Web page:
|02:18 pm - New Excerpt Available: Thwarting The Spirits|
Originally published at Schrödinger's Bookshelf. You can comment here or there.
As you may recall from my previous post, my lesbian shapeshifter piece, “Thwarting the Spirits” is now available in the Cleis Press anthology, She Shifters, edited by Delilah Devlin.
An excerpt from that story is now available over at the She Shifters site. Warning: Not entirely safe for work.
A review of the anthology can now be found over at Erotica Revealed.
As mentioned earlier, I’m really quite fond of this story, and pleased with how it turned out. When I originally saw the call for submissions, I racked my brain for some kind of shapeshifter dyamic which would keep me interested. No wolves or cats for me! If I was going to go with were-creatures, I was going to go as far off the grid as I could manage. And so the idea of a were-cobra and a were-mongoose, fighting, entangled by emotion and magic, was born. From there, I worked backwards, to determine just who my lucky protagonists would be. There had to be a reason for their animal affinities, a reason why these two people were related to these specific beasts. Many hours of research later, and I had it.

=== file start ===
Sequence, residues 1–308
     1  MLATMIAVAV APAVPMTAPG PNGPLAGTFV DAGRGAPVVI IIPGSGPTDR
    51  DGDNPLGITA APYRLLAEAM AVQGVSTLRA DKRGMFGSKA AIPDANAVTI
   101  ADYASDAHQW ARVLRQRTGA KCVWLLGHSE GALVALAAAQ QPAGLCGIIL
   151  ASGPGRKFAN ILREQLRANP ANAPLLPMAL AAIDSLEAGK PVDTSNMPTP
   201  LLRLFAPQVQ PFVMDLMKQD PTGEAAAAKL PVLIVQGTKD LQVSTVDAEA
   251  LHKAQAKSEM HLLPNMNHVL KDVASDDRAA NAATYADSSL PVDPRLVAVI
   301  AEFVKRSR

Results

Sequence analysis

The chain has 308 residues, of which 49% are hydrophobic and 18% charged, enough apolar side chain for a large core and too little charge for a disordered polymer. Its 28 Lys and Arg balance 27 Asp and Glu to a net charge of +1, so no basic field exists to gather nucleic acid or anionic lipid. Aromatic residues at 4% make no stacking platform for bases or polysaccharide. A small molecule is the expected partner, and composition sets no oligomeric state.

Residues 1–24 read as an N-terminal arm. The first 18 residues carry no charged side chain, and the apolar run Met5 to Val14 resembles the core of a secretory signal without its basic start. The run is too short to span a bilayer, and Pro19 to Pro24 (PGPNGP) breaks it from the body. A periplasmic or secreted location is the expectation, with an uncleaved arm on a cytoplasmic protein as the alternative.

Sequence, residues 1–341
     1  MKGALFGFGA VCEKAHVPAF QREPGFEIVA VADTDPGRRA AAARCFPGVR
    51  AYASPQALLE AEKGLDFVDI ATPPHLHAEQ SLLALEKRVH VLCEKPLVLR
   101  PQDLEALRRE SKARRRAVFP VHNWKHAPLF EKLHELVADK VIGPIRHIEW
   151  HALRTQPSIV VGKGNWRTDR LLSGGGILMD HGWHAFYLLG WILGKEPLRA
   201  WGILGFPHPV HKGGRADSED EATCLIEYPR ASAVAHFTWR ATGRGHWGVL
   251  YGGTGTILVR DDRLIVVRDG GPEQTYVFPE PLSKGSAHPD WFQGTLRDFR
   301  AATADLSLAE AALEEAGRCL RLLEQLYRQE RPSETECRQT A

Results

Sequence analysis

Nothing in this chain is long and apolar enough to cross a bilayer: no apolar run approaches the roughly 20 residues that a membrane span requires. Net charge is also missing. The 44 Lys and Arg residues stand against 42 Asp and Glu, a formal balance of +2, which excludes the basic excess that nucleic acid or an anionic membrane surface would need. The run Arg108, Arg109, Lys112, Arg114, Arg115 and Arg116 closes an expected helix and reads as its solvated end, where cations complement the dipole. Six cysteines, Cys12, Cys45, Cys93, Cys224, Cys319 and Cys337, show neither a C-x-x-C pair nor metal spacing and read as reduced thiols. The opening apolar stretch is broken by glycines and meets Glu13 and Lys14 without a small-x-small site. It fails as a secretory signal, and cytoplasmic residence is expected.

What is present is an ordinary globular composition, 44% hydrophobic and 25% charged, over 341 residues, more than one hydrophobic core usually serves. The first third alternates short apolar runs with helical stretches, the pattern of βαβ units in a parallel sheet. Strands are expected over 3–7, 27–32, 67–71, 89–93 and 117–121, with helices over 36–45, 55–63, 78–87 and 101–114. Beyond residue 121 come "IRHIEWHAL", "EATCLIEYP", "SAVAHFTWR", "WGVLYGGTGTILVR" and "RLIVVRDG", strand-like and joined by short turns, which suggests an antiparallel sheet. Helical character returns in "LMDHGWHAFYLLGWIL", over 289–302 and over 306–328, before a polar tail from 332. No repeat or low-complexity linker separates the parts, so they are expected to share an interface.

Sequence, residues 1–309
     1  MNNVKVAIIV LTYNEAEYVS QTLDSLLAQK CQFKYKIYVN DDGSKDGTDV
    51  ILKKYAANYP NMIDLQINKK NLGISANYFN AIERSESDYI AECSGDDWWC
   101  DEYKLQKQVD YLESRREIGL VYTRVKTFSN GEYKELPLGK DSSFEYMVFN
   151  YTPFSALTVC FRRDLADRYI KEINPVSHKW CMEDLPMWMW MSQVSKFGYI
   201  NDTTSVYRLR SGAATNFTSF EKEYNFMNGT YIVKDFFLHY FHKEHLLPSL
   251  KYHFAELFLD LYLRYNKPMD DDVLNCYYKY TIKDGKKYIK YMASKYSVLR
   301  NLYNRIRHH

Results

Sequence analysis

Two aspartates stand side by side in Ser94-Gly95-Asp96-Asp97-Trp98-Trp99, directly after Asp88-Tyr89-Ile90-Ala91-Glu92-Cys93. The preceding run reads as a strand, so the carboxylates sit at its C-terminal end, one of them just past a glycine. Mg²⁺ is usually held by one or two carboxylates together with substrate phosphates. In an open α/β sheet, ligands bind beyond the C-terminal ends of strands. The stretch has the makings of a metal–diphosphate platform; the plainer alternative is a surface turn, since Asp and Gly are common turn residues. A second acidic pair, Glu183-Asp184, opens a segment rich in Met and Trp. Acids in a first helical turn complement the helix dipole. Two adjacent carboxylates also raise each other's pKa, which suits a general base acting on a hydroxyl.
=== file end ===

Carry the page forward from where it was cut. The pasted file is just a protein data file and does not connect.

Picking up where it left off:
Meet Hala Laghari: Pakistani-American, Muslim, research librarian, mongoose. And meet Purnima Gurtu: Indian-American, graphics designer, cobra. They’d love each other, if they weren’t cursed to fight one another in their animal forms….
I’m also pleased because I was able to throw in some other characters who either have, or will, show up in my other works. Isobel Sparks: were-raven and solver of problems. Raoul, one half of the infamous Coyote Brothers, causer of problems. And Phoebe Masters…mystery woman. I had fun letting these characters interact, and I can’t wait to revisit them all in future escapades. Some might even be the sort of story you can take home to meet the family. (Though don’t tell the Coyote Brothers, they pride themselves on a lack of respectability.)
So hey, check out She Shifters and see why the editor said, “Michael’s story struck me due to its fairy tale quality, quiet dignity and beauty.” (Talk about a nice ego boost!)